We will write a custom Essay on “The Structure of Scientific Revolutions” by Thomas Kuhn specifically for you
301 certified writers online
Forward-looking educators seek to improve their understanding of teaching practices (Lavigne & Good, 2015). An essential part of the continuous improvement process is the development and evaluation of the robustness of educational theories with the help of objective methodologies. It has to be borne in mind that no theory can emerge outside a conceptual matrix or a paradigm. Therefore, it is of utter importance to understand fundamental changes that occur within a body of scientific knowledge with respect to basic theoretical assumptions of a discipline. The paper aims to outline three questions related to Thomas Kuhn’s book The Structure of Scientific Revolutions for the consideration of the class.
The articulation of new theories and assumptions about the nature of both physical and immaterial reality inevitably leads to the transformation of science. This transformation can be either cumulative or revolutionary, which has been beautifully demonstrated by Kuhn (1996). The scholar argues that the evenness of scientific development is episodically disrupted by the introduction of new frameworks of cognitive organization. At such periods of revolutionary disturbance, the rigid structure of science is reviewed to accommodate new explanations for piling abnormalities that cannot be squared with old disciplinary matrices.
The scholar’s approach to science helps to understand that a paradigm change cannot occur without a crisis (Kuhn, 1996). This view is closely aligned with Popper’s proposition that an existence of a scientific anomaly necessitates a revolutionary change of a theory (as cited in Barseghyan, 1996). Therefore, the first point that should be considered by the class is whether or not the current educational theories are characterized by the presence of contradictory pieces of evidence.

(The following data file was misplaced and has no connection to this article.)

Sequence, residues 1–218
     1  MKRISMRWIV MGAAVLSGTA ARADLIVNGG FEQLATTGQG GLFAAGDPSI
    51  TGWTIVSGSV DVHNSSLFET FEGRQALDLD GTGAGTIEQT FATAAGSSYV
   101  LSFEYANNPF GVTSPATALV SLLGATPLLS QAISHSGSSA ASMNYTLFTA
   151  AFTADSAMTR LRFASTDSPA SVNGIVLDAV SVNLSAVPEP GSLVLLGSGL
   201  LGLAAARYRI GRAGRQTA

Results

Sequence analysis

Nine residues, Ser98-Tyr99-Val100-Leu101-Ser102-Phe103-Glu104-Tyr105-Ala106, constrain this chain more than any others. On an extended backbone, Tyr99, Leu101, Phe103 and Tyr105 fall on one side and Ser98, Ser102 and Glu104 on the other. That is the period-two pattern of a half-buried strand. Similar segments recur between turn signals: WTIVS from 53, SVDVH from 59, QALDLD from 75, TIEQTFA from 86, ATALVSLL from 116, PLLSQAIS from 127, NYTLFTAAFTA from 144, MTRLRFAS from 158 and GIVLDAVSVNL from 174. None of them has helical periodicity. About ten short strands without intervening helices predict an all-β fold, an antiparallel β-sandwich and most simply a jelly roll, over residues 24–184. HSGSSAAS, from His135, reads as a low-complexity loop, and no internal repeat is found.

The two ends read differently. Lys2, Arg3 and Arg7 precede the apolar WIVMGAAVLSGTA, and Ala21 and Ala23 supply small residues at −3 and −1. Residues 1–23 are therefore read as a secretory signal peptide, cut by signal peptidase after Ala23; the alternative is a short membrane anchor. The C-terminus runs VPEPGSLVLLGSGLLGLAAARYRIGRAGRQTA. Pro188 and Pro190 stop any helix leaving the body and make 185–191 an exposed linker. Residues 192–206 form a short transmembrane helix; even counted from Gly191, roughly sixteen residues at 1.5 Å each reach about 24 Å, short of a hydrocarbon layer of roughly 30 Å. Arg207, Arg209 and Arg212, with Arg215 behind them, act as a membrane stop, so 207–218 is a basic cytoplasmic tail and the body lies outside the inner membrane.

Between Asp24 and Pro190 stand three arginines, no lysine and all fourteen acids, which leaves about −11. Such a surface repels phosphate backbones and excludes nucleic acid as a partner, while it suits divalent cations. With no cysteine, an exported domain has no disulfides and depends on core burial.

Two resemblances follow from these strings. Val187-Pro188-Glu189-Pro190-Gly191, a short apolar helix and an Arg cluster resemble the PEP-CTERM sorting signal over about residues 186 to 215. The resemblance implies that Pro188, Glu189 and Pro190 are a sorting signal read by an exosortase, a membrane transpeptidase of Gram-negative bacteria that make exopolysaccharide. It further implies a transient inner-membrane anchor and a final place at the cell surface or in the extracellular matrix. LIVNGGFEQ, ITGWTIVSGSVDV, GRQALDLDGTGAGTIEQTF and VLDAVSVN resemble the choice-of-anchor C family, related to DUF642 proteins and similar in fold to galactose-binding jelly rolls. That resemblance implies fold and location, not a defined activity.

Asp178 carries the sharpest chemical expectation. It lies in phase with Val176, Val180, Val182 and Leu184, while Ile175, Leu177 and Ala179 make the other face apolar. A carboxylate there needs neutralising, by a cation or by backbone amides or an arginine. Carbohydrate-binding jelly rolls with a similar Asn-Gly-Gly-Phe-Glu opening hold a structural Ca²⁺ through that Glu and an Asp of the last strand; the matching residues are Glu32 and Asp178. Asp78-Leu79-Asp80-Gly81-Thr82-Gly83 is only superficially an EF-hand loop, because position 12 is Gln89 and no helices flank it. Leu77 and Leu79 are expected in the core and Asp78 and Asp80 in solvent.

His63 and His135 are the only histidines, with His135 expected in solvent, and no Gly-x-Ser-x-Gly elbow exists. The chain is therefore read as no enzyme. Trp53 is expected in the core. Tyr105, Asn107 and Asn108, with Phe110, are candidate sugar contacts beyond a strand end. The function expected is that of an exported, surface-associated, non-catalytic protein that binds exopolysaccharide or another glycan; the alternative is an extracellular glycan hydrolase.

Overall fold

Kuhn has often been criticized for his relativistic approaches to both philosophy and history (Hessenbruch, 2013; Stegmuller, 2013). However, in his book, the scholar does not assert that there is a presence of several independent standpoints of rationality with respect to the truth. Contrary to the criticism leveled at his analysis of scientific history, Kuhn (1996) asserts that paradigm shifts redefine the meaning of rationality.
In addition, the scholar argues that in order to conduct research, scientists do not necessarily have to be aware of all constituent parts of a paradigm. Thus, it can be argued that the process of dislodging a scientific paradigm by a new one is congruous with a nonrelativistic approach. Therefore, the class should discuss whether or not the existence of rationality gaps can be explained by relativism of disciplinary matrices?
Kuhn’s (1996) analysis of scientific progress is crowned by the assertion that this process does not unfold steadily. Instead, it is punctuated by sudden bursts of concept alterations during which the existing structures of scientific knowledge are superseded by new ones. A corollary to this proposition is that shifts in scientific paradigms occur randomly. Thagard challenges Kuhn’s assertion that scientific discovery is a non-linear process (as cited in Gonzalez, 2011). The scientist’s analysis of several historical cases points to the fact that the adoption of new theoretical matrices is a rational process that falls in line with the search of interpretive consistency. Thus, it is necessary to consider whether or not Thagard’s insight deserves merit.
The following questions will be addressed to the class:
- Whether or not the current educational theories are characterized by the presence of rationality gaps?
- Does the relativism of scientific paradigms explain the existence of contradictory pieces of evidence?
- Does the introduction of new scientific paradigms occur randomly?
The paper has presented three questions related to Kuhn’s discussion of scientific paradigms. The class will be encouraged to discuss rationality gaps in current educational theories, relativism of the scholar’s argument, and linearity of the scientific process.
Barseghyan, H. (2015). The laws of scientific change. New York, NY: Springer.
Gonzalez, W. (2011). Conceptual revolutions: From cognitive science to medicine. London, England: Netbiblo.
Hessenbruch, A. (2013). Reader’s guide to the history of science. Abington, England: Routledge.
Kuhn, T. (1996). The structure of scientific revolutions (3rd ed.). Chicago, IL: The University of Chicago Press.
Lavigne, A. L., & Good, T. L. (2015). Improving teaching through observation and feedback: Beyond state and federal mandates. Abington, England: Routledge.
Stegmuller, W. (2013). The structure and dynamics of theories. New York, NY: Springer.